2

Running valgrind with line 42 commented out shows that there are indeed some leaks. If we DON'T comment out line 42, then there are no leaks.

Here is the code

// copy-1.mp4 from Week4 Walkthroughs
// copied using random access into string array

#include <stdio.h>
#include <cs50.h>
#include <stdlib.h>
#include <string.h>
#include <ctype.h>

int main(void)
{
    printf("Enter string: ");
    char* s = GetString();
    if (s == NULL)
    {
        return 1;
    }

    char* t = malloc((strlen(s) + 1) * sizeof(char));
    if (t == NULL)
    {
        free(s);
        return 1;
    }

    // so that i iterate up to and including the null character
    for (int i = 0, n = strlen(s); i <= n; i++)
    {
        t[i] = s[i];
    }

    printf("Capitalizing copy...\n");
    if (strlen(t) > 0)
    {
        t[0] = toupper(t[0]); 
    }

    printf("Original string: %s\n", s);
    printf("Copy of string: %s\n", t);

    free(t);
    // free(s); // why didn't sir include this line too??

    return 0;
}
3

Short answer: yes!

Long answer: looking at the code of GetString()

string GetString(void)
{
    // growable buffer for chars
    string buffer = NULL;

    // capacity of buffer
    unsigned int capacity = 0;

    // number of chars actually in buffer
    unsigned int n = 0;

    // character read or EOF
    int c;

    // iteratively get chars from standard input
    while ((c = fgetc(stdin)) != '\n' && c != EOF)
    {
        // grow buffer if necessary
        if (n + 1 > capacity)
        {
            // determine new capacity: start at 32 then double
            if (capacity == 0)
            {
                capacity = 32;
            }
            else if (capacity <= (UINT_MAX / 2))
            {
                capacity *= 2;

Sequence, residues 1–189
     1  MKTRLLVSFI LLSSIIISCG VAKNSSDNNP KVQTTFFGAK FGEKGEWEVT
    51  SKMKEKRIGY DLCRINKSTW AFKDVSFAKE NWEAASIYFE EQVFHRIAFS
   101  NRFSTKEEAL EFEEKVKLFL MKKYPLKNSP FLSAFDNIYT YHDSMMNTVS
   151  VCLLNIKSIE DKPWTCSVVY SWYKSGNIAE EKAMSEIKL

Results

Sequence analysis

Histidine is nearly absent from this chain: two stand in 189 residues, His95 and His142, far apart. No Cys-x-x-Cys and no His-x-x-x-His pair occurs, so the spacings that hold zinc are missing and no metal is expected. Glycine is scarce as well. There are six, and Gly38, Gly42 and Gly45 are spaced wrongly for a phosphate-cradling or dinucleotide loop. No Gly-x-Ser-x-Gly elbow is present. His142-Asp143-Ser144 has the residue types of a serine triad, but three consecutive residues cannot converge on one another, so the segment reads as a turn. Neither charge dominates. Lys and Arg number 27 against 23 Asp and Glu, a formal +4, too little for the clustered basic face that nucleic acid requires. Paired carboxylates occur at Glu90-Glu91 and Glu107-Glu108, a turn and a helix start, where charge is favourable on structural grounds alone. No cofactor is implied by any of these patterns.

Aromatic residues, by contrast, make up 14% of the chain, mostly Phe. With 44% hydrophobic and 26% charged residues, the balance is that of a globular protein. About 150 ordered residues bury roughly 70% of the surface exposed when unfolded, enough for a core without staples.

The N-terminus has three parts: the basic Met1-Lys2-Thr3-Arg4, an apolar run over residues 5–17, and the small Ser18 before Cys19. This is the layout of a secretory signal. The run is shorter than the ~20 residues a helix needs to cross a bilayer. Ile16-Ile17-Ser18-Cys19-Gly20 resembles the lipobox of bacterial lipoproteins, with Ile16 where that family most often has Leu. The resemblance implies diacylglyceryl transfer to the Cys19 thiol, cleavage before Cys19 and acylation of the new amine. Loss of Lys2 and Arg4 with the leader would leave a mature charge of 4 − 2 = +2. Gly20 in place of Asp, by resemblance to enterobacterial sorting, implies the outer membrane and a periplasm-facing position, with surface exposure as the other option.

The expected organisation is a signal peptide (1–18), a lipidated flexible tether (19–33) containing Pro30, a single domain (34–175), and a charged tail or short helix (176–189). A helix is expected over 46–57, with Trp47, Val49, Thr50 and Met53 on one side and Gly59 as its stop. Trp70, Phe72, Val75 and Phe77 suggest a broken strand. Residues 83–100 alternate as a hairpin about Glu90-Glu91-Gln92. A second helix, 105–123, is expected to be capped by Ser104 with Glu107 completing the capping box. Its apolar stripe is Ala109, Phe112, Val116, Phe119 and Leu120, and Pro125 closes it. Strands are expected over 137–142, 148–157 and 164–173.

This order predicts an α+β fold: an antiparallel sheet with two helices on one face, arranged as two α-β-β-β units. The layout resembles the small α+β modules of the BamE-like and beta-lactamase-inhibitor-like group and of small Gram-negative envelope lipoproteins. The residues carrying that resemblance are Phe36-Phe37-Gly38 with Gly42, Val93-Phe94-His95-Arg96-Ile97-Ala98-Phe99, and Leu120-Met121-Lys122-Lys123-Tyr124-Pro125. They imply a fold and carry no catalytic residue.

}
            else
            {
                free(buffer);
                return NULL;
            }

            // extend buffer's capacity
            string temp = realloc(buffer, capacity * sizeof(char));
            if (temp == NULL)
            {
                free(buffer);
                return NULL;
            }
            buffer = temp;
        }

        // append current character to buffer
        buffer[n++] = c;
    }

    // return NULL if user provided no input
    if (n == 0 && c == EOF)
    {
        return NULL;
    }

    // minimize buffer
    string minimal = malloc((n + 1) * sizeof(char));
    strncpy(minimal, buffer, n);
    free(buffer);

    // terminate string
    minimal[n] = '\0';

    // return string
    return minimal;
}

It turns out that GetString() allocates memory for the string it gets and returns to us. And indeed it doesn't free that memory before it returns so that the string it gets stays in memory and we can use it!

This means that we're mallocing a block of memory for s (line: 13 in your code) via GetString() and we're mallocing another block of memory for t (line: 19 in your code).

And since we should free all the memory that we've allocated so far, we must free both, the memory allocated for s and the memory allocated for t by

free(s);

and

free(t);

respectively.

Now, why the professor didn't care about that? Well, as far as I remember, he mentioned something about GetString() and that it allocates memory somewhere so we should free that memory, but probably he didn't care about that in this walkthrough for demonstration and simplicity purposes.

1

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